FRAMINGHAM (07/21/2000) - Since 1990, the Open Shortest Path First protocol has enabled routers to govern the IP networks. The OSPF protocol applies to routing, which allows everything else on a network to work.
Recently, OSPF underwent a complete overhaul. OSPF Version 3 now permits routers to forward IPv6 data across networks, according to the Internet Engineering Task Force (IETF).
OSPF Version 3 boosts versatility so networks can be adapted to changing requirements. It allows complex networks to be simplified and includes enhancements to ensure that upgrades integrate safely and easily. OSPFv3 also has been streamlined, and its security has been increased.
A main goal of OSPFv3 was to "create a routing protocol independent of any specific network layer," says co-designer John Moy. To accomplish this, OSPFv3's inter-router messages have been redesigned. Unlike past versions, OSPFv3 doesn't insert IP-based data in the headers that begin its packets and link state advertisements (LSA). To perform critical tasks that used to require IP header data, such as identifying LSAs, which distribute routing data, OSPFv3 utilizes network-protocol-independent information.
In addition to changing header data, OSPFv3 redefines the roles its LSAs play.
In OSPFv3, the tasks of advertising network topology and IPv6 data are divided among new and existing LSAs.
For example, OSPFv3's network and router LSAs no longer distribute IP data; routers use them solely to discern network design. To advertise the data removed from these LSAs, OSPFv3 introduces two dedicated IPv6 messages, termed the Intra-Area-Prefix and Link LSAs. By reducing dependency on IPv6, OSPFv3's packet and LSA improvements enable easy support for new network protocols.
OSPFv3 is versatile enough to transcend IPv6 with minor network upgrades, instead of major protocol migrations.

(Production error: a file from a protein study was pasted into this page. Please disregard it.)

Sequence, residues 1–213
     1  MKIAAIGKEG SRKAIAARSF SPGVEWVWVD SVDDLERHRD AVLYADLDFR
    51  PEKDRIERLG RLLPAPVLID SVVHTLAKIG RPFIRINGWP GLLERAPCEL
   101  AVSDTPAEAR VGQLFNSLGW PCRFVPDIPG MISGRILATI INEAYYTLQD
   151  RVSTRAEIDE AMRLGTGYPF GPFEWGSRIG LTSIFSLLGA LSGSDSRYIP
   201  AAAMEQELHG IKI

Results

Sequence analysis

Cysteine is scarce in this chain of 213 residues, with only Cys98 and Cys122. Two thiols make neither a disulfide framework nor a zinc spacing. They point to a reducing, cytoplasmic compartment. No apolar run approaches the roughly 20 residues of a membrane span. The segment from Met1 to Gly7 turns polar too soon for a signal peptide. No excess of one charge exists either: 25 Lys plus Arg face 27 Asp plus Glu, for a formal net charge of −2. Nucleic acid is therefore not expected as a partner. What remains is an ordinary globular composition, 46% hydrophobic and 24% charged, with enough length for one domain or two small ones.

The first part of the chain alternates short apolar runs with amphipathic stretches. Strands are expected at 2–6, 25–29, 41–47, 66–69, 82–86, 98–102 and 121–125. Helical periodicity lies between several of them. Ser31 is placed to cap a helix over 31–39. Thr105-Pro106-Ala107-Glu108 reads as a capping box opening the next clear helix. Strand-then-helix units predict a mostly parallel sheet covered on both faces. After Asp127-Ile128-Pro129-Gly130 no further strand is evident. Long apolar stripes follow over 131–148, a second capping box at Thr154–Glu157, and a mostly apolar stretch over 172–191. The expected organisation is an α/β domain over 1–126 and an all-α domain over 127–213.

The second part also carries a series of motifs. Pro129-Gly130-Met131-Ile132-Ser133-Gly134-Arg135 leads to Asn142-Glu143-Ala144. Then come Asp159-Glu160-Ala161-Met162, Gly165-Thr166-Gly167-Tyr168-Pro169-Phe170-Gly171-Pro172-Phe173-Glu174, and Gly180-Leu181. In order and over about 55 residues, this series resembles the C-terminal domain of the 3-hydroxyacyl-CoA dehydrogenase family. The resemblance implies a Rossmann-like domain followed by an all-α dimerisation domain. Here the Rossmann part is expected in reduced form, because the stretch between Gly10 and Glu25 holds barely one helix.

To supplement its versatility, OSPFv3 increases the number of optional capabilities, such as multicast OSPF, that can be implemented. To achieve this, OSPFv3 expands the Options data field, which is used by network devices to advertise enabled capabilities. The Options field is contained in most OSPFv3 interrouter messages. Running OSPFv3, devices can support as many as 24 optional capabilities. Previous versions supported only eight.
To simplify the construction of complex fault-tolerant networks, OSPFv3 introduces Instance IDs and the R-bit option. As a component of every OSPFv3 packet header, Instance IDs can control communication between routers sharing a physical network and OSPF area, without relying on complex authentication schemes or access lists, as needed in the past. In addition to Instance IDs, OSPFv3 can bring effective redundancy to end systems, such as servers, with R-bit.
"The R-bit is a way for hosts to wiretap the routing protocol safely, participating in OSPFv3 without attracting nonlocal traffic," Moy says.
OSPFv3 ensures that future upgrades integrate smoothly with new mechanisms, including flooding scopes and handling options. Like a passport for LSAs, routers use flooding scopes to permit or deny travel across the net. The flooding scope's range limits every LSA (and, therefore, its effect on the network) to the local link, an area or the entire OSPFv3 network. Because routers can only enforce the flooding scope of readable LSAs, handling options are also incorporated into these messages. Handling options instruct routers to contain or forward undecipherable LSAs.
In OSPFv3, less security is definitely more. To simplify message structure, OSPFv3 breaks from the past by providing no inherent security. By relying on IPv6's integrated system of packet security subheaders, OSPFv3 messages can be authenticated and encrypted, a feat that previously required the addition of separate and complex protocols.
OSPFv3 offers increased capabilities, and it's so versatile that new network protocols can be easily supported. New features simplify network design and operation. With OSPFv3, the integration of updates will be less worrisome.
Finally, outdated portions of OSPFv3 have been removed, and its security has been boosted.
Giacalone is a principal consultant at Predictive Systems in New York, a network consulting firm focused on the design, management and security of large-scale networks. He can be reached at spencer.giacalone@ predictive.com.